A coaching client of mine is looking for a job and consulting in the meantime. He also had started a business a few years ago that has some traction, just not enough to replace a full-time job (hence the job search and consulting). So, he’s also trying to at least maintain his original business idea, while consulting and looking for a job. Finally, his spouse also works and is also in a career transition, so they are juggling each other’s career activities while working from home.
Even if the specifics of your career goals and your work environment differ from my client, you can probably relate to the flurry of activity he faces. Each day unfolds with a smorgasbord of tasks to do, across multiple goals each demanding more time and attention than can easily be mustered. How can you still be productive when you have too much to do?
Here are a few ways to tame distractions and focus better on your work:
1 - Batch your goals
You might have heard the advice of batching like activities – e.g., answer calls and emails in one sitting, run errands on one trip out. Batching activities enables you to build momentum in a given task and avoids the switching costs of having to refocus. When you alternate doing different things, you have to constantly refocus your attention and energy, and even though it may seem like just a few minutes before you’re back in focus, over time those switching minutes can really add up.
Similarly, dedicating a separate day or block of time to each large goal saves you the switching costs of shifting from your different categories of activities. In my client’s case, he would earmark specific days to work on his original business, job search, and each consulting client. Or he could earmark 2- to 3-hour blocks of time each day to different goals. Switching day-to-day has the advantage of lower switching costs overall since you spend the full day only focused on one or two goals. However, switching intra-day has the advantage of being able to work on each of your goals more frequently. For something like a job search, where you want to respond quickly to messages or job postings, spreading activity across multiple days is preferable.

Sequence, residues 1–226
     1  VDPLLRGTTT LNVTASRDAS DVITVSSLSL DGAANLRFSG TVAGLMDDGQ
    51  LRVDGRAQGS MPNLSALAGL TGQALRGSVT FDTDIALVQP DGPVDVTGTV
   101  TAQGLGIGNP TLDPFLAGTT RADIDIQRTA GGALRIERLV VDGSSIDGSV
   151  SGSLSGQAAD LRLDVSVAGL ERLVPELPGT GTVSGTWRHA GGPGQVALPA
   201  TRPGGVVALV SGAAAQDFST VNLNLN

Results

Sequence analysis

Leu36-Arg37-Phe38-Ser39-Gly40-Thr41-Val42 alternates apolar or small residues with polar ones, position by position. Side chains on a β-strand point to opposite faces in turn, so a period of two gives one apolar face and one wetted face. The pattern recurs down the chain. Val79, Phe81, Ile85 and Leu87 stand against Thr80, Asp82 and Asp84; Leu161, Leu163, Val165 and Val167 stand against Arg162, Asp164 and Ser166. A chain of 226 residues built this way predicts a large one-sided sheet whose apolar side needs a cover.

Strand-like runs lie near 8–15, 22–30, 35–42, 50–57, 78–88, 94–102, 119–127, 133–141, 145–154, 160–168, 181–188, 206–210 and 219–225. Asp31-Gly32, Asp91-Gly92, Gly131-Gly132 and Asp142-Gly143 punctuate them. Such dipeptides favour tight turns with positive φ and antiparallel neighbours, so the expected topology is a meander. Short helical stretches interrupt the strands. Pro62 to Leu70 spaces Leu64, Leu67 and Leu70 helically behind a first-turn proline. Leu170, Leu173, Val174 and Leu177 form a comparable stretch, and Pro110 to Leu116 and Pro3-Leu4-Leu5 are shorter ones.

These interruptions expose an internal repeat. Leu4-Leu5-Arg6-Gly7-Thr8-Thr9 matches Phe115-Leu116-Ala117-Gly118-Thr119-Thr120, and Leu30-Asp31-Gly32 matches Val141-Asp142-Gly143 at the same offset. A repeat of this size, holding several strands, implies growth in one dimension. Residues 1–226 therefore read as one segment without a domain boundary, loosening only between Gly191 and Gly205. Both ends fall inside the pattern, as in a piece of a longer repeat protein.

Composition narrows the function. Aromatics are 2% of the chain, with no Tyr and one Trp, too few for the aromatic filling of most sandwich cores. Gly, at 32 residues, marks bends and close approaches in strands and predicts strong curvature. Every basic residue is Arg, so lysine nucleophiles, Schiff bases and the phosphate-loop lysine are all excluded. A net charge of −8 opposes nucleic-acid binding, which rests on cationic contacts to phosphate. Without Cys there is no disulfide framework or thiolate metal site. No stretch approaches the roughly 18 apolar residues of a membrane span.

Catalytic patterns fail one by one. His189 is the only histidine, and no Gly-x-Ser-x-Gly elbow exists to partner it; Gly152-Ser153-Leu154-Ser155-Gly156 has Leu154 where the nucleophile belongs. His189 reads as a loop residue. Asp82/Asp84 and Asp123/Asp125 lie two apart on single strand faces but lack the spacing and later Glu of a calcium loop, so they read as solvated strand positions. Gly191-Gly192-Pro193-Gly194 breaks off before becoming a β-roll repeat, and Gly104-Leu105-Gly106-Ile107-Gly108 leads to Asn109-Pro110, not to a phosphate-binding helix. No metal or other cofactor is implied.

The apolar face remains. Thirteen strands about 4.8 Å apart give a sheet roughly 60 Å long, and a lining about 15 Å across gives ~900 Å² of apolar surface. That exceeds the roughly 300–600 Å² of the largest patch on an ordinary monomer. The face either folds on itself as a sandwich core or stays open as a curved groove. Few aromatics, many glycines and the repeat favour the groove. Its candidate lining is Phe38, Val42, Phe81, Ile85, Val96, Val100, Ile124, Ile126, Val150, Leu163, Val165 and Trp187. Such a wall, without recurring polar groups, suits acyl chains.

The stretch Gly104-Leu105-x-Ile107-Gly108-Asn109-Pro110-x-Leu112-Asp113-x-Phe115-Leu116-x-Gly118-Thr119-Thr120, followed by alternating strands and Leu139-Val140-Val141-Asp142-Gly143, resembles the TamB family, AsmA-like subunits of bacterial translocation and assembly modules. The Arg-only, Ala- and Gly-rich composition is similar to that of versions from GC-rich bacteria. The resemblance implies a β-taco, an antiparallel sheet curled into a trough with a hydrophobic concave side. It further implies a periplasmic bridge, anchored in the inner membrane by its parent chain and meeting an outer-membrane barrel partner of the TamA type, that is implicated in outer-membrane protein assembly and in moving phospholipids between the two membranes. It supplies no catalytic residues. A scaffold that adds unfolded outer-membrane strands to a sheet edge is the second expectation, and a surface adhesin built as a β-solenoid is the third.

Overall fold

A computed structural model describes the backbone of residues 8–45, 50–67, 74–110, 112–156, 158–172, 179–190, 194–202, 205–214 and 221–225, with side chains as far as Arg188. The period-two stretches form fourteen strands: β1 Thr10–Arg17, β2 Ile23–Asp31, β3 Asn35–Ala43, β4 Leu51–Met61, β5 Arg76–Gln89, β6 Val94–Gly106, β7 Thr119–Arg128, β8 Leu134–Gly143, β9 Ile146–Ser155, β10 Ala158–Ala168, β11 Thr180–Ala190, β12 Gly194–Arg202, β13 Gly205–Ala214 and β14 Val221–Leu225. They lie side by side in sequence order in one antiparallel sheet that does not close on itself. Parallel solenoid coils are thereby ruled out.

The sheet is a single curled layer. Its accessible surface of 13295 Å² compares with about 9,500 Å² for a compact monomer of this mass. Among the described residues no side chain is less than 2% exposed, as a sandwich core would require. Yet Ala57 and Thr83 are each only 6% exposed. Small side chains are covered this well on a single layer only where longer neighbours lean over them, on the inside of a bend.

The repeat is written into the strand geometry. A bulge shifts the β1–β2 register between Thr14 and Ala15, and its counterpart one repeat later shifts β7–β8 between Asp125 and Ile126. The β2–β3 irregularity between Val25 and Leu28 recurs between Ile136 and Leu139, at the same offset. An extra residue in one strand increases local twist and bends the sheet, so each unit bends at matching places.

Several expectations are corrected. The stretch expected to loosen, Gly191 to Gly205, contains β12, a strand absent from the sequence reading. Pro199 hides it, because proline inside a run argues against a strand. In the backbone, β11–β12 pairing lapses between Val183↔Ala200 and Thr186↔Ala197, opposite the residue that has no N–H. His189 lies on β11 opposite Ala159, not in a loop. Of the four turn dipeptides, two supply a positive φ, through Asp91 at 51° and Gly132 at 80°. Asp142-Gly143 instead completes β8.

If you’re not sure what is best for you, try both approaches over a set period of time, say two weeks each, and notice when you get more things done. You might also measure success by when you feel more energized and able to sustain a higher level of concentration.
2 - Define success metrics and a timetable in advance to stay on track
Trying both approaches over two weeks and measuring results by tasks completed, energy level, and concentration ability is an example of defining success metrics and a timetable in advance. You need a clear definition of success and deadlines to stay on track. Otherwise, you’re simply playing whack-a-mole with your time. Perhaps you’ll get disparate activities done, but they won’t necessarily bring you closer to your goals.
Another example of success metrics and timetable is generating $1,000 of new consulting revenue by next month. Yet another is landing a new consulting client before the current project ends. For a job search, it could be identifying five new companies to target, or scheduling three meetings with people who are well-connected in your target field. (You can get more ideas for measuring your networking efforts here.)
3 - Have a kill switch
If you find that you are off track, you should spend more time on that goal and/or change your approach. (Don’t forget that this means you will have to make adjustments with your other goals!) But at what point that things aren’t working that you will drop that goal altogether?
Having a kill switch –i.e., defining when you’ll stop doing something – seems so finite. However, it can also be freeing because you can always decide to try again later or restart a goal if you get a new idea for how to approach it. The point of the kill switch is to have a consequence for inaction or for unproductive action. If you don’t have a kill switch, then your success metrics and/or timetable are not clearly enough defined.
4 - Grow what works